The view from elsewhere: This year's hottest contests to control state legislatures

Democrats hope concerns about abortion access will bolster their chances to retake key chambers. But Republicans say President Biden's flagging poll numbers will give GOP candidates an edge.

Voters line-up to cast their ballots during early voting at the Alafaya Branch Library in Orlando, in this Oct. 30, 2020 file photo.

Voters line-up to cast their ballots during early voting at the Alafaya Branch Library in Orlando, in this Oct. 30, 2020 file photo. Photo by RICARDO ARDUENGO/AFP via Getty Images

Buoyed by polls showing strong support for legalized abortion following the repeal of Roe vs. Wade, Democrats are increasingly confident they can win control of key statehouses this year.

“We came into this cycle very clear-eyed about the challenges of this midterm environment,’’ Jessica Post, president of the Democratic Legislative Campaign Committee, told reporters on a call earlier this week. “We know what we're up against but we're making a play to undercut GOP power in the Michigan House and Senate, the Minnesota Senate and New Hampshire House and Senate.’’

Republicans say President Biden’s sagging poll numbers and concerns about the economy will help the GOP flip the Minnesota House and the Colorado, Maine and Nevada House and Senate, among others. The party is also optimistic it will make “meaningful gains” in blue states such as Illinois, Maryland, New Mexico and New York.

“Even in states that President Biden won by double digits in 2020, [Democratic] majorities are anything but safe,” said Dee Duncan, president of the Republican State Leadership Committee. “Americans are looking to their state legislatures to serve as a check and balance on the president’s failing economic policies, giving state Republicans an opening to go on offense in places we normally don’t contest. While flipping chambers in these deep blue states will be an uphill battle, we are committed to maximizing the favorable political environment by expanding our map and making Democrats sweat to defend every inch of ground they currently hold.” 

The battle for America’s statehouses reflects a renewed interest in down-ballot races. Last week, Biden sent a fundraising email for the DLCC, saying that ​"state legislatures are the key to stopping Republican abortion bans, attacks on LGBTQ+ rights, bills that undercut our democracy by making it harder for people to vote."

Biden isn’t the first president to wade into legislative politics: former President Barack Obama, a prior member of the Illinois Senate, made a similar appeal in 2016 and endorsed statehouse candidates. On the Republican side, former President Donald Trump has also publicized his picks in down-ballot races.

Both parties are hoping for gains this cycle. Democrats currently control 36 legislative chambers, Republicans hold power in 62. (In Alaska, the parties share power in the House and Nebraska has a unicameral legislature, which is why there are only 99 chambers nationwide.)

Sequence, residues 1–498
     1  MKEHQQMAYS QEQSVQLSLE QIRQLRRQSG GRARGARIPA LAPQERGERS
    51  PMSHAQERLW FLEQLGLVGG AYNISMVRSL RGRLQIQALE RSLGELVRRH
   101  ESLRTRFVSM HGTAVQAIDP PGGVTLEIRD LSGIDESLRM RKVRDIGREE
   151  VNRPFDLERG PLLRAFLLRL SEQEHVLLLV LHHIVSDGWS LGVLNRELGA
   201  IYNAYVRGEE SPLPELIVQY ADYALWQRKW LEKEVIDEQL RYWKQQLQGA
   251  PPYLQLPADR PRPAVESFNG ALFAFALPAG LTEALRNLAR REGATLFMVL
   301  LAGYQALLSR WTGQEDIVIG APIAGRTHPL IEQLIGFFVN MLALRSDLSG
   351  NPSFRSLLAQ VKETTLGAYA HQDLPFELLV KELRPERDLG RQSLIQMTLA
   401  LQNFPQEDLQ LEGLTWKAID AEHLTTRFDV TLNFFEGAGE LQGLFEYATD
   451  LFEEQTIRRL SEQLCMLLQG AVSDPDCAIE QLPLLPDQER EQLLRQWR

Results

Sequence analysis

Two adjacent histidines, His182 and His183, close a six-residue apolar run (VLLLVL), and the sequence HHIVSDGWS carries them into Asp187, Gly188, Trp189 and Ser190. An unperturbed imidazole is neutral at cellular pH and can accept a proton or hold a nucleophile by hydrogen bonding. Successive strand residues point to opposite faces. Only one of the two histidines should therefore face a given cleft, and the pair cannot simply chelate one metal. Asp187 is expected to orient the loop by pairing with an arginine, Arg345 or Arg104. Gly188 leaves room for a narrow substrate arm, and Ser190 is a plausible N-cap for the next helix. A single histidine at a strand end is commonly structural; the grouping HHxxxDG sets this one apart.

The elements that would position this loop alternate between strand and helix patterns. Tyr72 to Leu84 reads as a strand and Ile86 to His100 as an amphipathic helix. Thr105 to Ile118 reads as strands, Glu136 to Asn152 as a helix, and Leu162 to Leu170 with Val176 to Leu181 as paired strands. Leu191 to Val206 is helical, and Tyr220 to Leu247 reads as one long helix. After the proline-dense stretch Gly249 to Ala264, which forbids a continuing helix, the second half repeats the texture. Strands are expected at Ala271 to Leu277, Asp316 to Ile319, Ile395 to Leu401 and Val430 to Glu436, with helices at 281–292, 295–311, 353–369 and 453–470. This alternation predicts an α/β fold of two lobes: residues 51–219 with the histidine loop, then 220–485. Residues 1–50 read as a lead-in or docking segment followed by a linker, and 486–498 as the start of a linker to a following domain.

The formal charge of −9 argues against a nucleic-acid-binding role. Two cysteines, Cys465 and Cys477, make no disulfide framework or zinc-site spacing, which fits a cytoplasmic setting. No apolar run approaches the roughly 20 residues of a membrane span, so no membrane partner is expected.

Republicans who have embraced Trump in New Hampshire and Michigan are especially vulnerable, Post said. Legislative chambers in both states have seen control toggle between the two parties in recent election cycles.

“Trump endorsed and gave PAC money to Michigan candidates,’’ she said. “In New Hampshire, the GOP has been consumed by the MAGA movement. The GOP is running a slate of anti-abortion extremists particularly in the Senate, a position that is toxic in the ‘Live Free or Die’ state.’’

Democrats are also fighting to prevent Republicans in Wisconsin and North Carolina from gaining supermajorities, which would give them the ability to override vetos in two states currently led by Democratic governors.

Post acknowledged that the party that holds the White House often struggles during midterm elections.

“We're aware in a potentially challenging midterm environment it may be difficult to flip some of these chambers, but that won’t stop us from trying,’’ she said. “Winning back power at the state legislative level is difficult. Republicans have created structural advantages at this level.’’

Republicans reject the assertion made by Post and other Democrats that the GOP holds a significant fundraising edge. In a memo to donors sent last week, Duncan said Democratic candidates have been bolstered by liberal groups such as EMILY’s List and Everytown for Gun Safety.

“The Democrats have far more national outside spending organizations that play in state legislative races and our job is to fight back against all of them,’’ Duncan wrote. “We don’t have the luxury of relying on reinforcements to come save us. We are the calvary.”

Duncan acknowledged that Republicans also face challenges this cycle. While not specifically mentioning abortion, he noted that “the political environment has changed significantly in recent months and now looks a lot more like 2020 than 2021.” 

Daniela Altimari is a reporter at Route Fifty, where this story was first published. 

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